Female Delegates Win Clear Definition of Citizen in Afghanistan's Constitution
Female delegates of Afghanistan's Loya Jirga won one of their major demands. The final draft of the constitution now states that all citizens of Afghanistan, both men and women, have equal rights under the law. According to IRIN News, a female delegate said, "This is one of the major demands of women and we hope it will not be rejected or changed by others."
However, the Reconciliation Committee agreed to amend Article 3 of the Constitution to say that legislation cannot contravene "the beliefs and provisions" of Islam, reports the Associated Press. This leaves women's rights and human rights in many areas vulnerable to extreme interpretations of Islam. Efforts to weaken constitutional language requiring Afghanistan to abide by international treaties and conventions may also be under attack. In addition, it is unclear whether the current draft contains essential rights protections such as protection from forced marriage, early marriage, or trafficking.
According to the New York Times, the debate around the constitution has moved away from topics such as Islam, women's rights, and human rights and has turned to the struggle between the Pashtuns and the Tajiks. There has been fierce debate over the issues about the accountability of the president, the official languages of Afghanistan, and whether ministers can hold dual nationality, reports BBC News.
10/31/2014 Federal Judge Exempts Another Catholic University from Birth Control Coverage - A federal judge ruled Tuesday that Ave Maria University, a Catholic university in Florida, does not have to comply with federal rules meant to ensure that covered employees can exercise their right to obtain birth control at no cost.
The Affordable Care Act requires all new health insurance plans to cover all FDA-approved contraceptives - such as the pill, emergency contraceptives, and IUDs - without charging co-pays, deductibles or co-insurance. . . .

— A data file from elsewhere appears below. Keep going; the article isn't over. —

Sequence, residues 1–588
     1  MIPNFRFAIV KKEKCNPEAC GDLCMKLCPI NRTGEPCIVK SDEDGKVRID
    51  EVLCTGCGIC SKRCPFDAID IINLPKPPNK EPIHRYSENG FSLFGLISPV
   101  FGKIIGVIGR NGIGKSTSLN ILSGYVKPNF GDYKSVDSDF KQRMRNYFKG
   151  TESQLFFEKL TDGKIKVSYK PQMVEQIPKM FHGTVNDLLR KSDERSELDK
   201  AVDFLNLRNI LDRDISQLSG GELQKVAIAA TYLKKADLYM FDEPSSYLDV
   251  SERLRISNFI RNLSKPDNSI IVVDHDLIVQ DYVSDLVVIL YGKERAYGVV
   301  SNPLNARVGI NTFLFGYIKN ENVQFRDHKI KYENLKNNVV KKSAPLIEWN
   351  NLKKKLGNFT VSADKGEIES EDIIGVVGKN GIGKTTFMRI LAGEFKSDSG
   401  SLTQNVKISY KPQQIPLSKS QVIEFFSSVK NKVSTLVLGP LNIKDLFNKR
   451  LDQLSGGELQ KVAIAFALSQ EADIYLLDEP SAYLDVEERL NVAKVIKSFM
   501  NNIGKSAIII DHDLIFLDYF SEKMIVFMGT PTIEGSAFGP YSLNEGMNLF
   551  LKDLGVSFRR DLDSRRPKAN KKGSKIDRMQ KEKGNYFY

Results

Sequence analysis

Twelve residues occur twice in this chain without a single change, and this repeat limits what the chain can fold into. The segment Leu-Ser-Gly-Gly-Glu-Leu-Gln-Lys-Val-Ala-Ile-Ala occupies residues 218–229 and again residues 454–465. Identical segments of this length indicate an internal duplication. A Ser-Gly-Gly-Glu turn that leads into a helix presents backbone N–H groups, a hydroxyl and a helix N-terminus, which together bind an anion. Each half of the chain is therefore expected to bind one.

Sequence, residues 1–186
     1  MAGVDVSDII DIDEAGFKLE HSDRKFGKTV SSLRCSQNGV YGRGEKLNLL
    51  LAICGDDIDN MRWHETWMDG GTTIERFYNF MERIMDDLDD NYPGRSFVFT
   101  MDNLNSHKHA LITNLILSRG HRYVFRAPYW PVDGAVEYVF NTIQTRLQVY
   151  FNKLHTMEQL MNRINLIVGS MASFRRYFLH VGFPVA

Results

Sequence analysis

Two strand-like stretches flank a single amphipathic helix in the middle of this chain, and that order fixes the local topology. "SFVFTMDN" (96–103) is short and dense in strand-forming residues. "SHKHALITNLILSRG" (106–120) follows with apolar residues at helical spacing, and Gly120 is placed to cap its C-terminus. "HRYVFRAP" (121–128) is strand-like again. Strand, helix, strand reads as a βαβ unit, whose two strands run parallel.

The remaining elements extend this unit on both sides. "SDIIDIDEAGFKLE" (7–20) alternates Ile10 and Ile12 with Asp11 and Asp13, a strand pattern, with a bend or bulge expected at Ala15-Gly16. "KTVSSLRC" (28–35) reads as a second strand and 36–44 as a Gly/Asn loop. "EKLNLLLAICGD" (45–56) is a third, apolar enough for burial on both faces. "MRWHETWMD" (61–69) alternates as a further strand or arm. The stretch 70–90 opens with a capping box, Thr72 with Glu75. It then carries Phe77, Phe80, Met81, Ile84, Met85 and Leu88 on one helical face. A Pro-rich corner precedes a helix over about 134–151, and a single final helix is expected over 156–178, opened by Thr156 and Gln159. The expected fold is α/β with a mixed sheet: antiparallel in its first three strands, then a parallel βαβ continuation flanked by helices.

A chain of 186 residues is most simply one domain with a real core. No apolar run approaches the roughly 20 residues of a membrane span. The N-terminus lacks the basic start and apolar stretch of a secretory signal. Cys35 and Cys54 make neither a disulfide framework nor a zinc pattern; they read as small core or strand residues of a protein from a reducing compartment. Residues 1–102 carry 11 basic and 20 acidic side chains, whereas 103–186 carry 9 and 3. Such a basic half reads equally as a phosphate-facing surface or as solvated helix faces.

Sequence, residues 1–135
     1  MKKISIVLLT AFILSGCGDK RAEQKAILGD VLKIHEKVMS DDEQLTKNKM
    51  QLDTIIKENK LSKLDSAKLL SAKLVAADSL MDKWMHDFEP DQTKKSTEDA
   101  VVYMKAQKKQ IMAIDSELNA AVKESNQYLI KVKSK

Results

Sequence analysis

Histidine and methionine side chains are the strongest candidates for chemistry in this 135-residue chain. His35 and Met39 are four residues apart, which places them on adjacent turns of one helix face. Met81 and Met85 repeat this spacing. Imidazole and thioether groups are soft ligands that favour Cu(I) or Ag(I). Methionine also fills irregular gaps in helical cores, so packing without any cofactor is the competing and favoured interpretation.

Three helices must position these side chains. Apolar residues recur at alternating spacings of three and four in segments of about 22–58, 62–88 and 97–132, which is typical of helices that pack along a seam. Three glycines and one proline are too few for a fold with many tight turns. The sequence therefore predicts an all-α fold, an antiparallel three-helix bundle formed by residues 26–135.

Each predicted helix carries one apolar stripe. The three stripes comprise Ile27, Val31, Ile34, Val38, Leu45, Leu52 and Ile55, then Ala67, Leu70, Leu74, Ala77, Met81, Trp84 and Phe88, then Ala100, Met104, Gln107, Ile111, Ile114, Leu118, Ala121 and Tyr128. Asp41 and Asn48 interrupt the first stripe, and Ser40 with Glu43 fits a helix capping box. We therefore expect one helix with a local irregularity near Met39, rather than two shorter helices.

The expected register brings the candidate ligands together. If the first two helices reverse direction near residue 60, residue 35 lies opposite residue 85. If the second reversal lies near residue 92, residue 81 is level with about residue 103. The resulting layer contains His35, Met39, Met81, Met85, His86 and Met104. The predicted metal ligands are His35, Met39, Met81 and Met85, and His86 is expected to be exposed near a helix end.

10/31/2014 Women of Color in Tennessee Are United in Opposition to Amendment 1 - Just days before the general election in Tennessee, a coalition of community leaders, clergy, and advocates led a press conference encouraging women of color to vote no on Amendment 1, a dangerous and far-reaching measure on the state's ballot.
SisterReach, a grassroots organization focused on "empowering, organizing, and mobilizing women and girls in the community around their reproductive and sexual health to make informed decisions about themselves," organized the press conference "to call attention to the unique concerns Black and poor communities throughout Shelby County and across the state of Tennessee face on a daily basis" and to emphasize how the upcoming election "could further limit [black women's] reproductive, economic, political, and social autonomy."
"We assemble today to impress upon black women and women of color, many of whom are heads of households, to get out and vote," said SisterReacher Founder and CEO Cherisse Scott at the event.
SisterReach has been educating voters about the particularly dangerous impact of Amendment 1 on women of color. . . .
10/30/2014 Medication Abortion Access Threatened by Oklahoma Court Ruling - An Oklahoma state district court judge has refused to block a state law restricting medication abortion, clearing the way for the law to go into affect on November 1.
The Oklahoma Coalition for Reproductive Justice, together with a local abortion clinic in Tulsa, challenged HB 2684 in September, arguing that the law was an unconstitutional restriction on non-surgical abortion in the earliest weeks of pregnancy. . . .